Tha Sports Junkies 101

Legendary Broadcaster Ken Squier – The Storyteller In All Of Us



Ken Squire instrumental in bringing CBS Sports to NASCAR; Coined the phrase “The Great American Race”

As a young boy of 15 from Waterbury, VT, Ken Squier told a story of how he started in race announcing.

It was in a pasture in Morrisville, VT in the back of a logging truck.

Squier stood tall with his sound guy as they called the races from the back of that truck, with speakers mounted on either side as their sound system. Chicken wire was used to keep the fans at bay.

The race was between the North and the South. And when things got out of hand the National Guard was called in.  Squier and his sound guy hid underneath that truck “until cooler heads prevailed.”

This is Ken Squier. A storyteller. He gives the sport dignity.


Squier referred to the time period between the final race at Homestead and The Daytona 500 as when “the engines are silent and the tracks are pretty much snowed under.”

Ken described himself as “an odd duck in a flock of fancy geese” when accepting his NASCAR Hall Of Fame class ring.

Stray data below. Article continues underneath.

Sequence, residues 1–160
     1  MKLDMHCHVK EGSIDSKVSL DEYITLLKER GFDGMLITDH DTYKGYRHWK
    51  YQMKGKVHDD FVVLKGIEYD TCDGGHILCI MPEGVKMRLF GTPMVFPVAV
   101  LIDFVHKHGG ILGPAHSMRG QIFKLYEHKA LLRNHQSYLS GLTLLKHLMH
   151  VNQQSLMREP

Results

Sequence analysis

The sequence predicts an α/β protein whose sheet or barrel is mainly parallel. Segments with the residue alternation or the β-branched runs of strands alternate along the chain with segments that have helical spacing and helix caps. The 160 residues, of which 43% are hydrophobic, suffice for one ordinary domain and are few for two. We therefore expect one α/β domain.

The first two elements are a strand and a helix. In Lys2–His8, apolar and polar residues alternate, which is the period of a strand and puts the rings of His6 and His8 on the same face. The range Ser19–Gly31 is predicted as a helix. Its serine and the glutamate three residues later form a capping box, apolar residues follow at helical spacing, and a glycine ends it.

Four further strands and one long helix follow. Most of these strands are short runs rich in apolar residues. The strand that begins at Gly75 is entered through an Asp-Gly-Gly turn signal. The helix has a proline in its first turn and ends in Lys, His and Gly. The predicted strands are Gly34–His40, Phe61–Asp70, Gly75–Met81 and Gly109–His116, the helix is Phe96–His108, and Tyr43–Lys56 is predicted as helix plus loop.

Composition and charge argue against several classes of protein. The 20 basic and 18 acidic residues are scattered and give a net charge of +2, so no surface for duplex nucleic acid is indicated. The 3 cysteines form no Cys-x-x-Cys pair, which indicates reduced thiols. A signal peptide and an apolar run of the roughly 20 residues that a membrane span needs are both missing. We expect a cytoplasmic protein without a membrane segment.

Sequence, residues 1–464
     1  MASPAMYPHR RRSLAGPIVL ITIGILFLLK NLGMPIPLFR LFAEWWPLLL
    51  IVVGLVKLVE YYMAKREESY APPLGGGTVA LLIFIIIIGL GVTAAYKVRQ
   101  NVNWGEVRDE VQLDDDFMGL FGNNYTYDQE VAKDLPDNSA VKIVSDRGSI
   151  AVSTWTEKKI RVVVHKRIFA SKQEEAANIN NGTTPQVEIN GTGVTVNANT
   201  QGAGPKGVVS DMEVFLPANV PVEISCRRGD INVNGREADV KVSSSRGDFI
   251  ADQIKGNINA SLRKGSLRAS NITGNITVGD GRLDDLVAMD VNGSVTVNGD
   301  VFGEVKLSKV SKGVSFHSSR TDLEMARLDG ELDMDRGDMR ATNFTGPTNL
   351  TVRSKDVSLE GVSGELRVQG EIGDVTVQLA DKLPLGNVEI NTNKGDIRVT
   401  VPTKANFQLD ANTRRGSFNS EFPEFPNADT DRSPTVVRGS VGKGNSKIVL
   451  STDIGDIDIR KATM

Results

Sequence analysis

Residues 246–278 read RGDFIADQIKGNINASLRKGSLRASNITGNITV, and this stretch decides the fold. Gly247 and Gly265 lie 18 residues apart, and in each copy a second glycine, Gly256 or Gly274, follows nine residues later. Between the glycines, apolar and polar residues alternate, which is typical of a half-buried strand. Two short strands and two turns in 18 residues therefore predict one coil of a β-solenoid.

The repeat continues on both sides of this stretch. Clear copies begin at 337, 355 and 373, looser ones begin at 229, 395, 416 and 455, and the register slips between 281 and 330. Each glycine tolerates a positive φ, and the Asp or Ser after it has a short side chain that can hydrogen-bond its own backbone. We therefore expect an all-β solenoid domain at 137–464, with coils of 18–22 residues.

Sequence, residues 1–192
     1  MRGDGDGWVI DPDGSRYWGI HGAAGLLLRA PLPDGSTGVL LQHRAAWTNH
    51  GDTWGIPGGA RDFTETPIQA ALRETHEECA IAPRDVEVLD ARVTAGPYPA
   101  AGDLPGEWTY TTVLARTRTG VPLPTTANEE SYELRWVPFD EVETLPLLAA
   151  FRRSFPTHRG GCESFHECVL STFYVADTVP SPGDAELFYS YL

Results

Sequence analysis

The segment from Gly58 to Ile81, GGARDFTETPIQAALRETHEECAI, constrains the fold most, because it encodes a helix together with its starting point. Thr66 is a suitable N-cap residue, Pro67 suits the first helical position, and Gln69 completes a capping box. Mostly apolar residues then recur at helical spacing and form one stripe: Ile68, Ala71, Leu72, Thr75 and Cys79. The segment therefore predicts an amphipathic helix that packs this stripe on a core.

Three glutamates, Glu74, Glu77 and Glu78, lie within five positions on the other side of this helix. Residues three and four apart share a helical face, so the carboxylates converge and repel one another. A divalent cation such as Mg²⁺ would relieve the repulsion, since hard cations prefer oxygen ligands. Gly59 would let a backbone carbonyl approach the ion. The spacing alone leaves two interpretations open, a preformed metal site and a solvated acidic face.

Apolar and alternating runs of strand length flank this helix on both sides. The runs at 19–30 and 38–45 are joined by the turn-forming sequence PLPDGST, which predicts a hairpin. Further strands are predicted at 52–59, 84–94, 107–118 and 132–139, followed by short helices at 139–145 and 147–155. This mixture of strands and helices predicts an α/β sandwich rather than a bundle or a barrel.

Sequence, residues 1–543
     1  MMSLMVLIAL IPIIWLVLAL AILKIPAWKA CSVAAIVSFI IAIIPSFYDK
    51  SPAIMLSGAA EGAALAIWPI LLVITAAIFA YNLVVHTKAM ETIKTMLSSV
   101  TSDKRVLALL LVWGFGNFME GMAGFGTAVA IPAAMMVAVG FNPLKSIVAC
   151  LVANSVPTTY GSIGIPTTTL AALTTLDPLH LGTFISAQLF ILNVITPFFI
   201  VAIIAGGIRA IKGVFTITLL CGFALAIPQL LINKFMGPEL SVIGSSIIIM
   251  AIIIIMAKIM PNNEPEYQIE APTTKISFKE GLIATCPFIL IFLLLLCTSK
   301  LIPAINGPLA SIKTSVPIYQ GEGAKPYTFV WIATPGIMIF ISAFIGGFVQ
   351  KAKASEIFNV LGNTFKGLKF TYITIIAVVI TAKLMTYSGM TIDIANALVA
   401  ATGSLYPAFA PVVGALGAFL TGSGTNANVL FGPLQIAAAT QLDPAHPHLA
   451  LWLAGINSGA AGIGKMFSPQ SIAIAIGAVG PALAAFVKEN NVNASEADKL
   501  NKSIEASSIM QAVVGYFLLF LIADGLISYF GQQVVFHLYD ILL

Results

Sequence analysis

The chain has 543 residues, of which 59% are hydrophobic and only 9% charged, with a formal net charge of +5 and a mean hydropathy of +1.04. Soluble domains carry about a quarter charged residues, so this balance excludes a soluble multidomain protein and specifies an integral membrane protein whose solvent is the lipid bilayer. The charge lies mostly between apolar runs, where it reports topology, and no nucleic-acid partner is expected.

He was among his classmates Ray Evernham, Ron Hornaday, Robert Yates and Red Byron.

Dale Earnhardt Jr. introduced Squire before his speech, and Vermont Governor Phil Scott presented Ken with his ring.

In 1970, Squire co-founded the Motor Racing Network with Bill France Sr.

He also convinced CBS Sports to broadcast the 1979 Daytona 500 live.

During a 2 hour rain delay, France asked Ken, whom he called “Squires”, and his co-anchor to do something for him.

He gave them a pad of paper, and asked them to remind the fans that there are still plenty of seats available for July’s Daytona race.

Squier coined many famous phrases, such as “The Great American Race”, which he joked that he stole from Australia while working out in the Sydney Opera House.

He also coined the phrases “The Alabama Gang”, describing drivers such as the Allisons and Red Farmer, and “The Silver Fox” describing David Pearson. He is well known for giving drivers his signature racing nicknames.

Squier was able to bring the sport of stock car racing to millions of fans over a lengthy career as a broadcaster for both television and radio. In addition, he has mentored many of the current motorsports journalists.

A story teller. A humble man. There for the fans, not for himself or the fame. This is Ken Squier.

Since 2010 I have been covering Motorsports for several outlets such as, The Lawrence Eagle Tribune and WHAV Radio. New England born and raised, NASCAR is a passion which I hope to turn into a full time opportunity.


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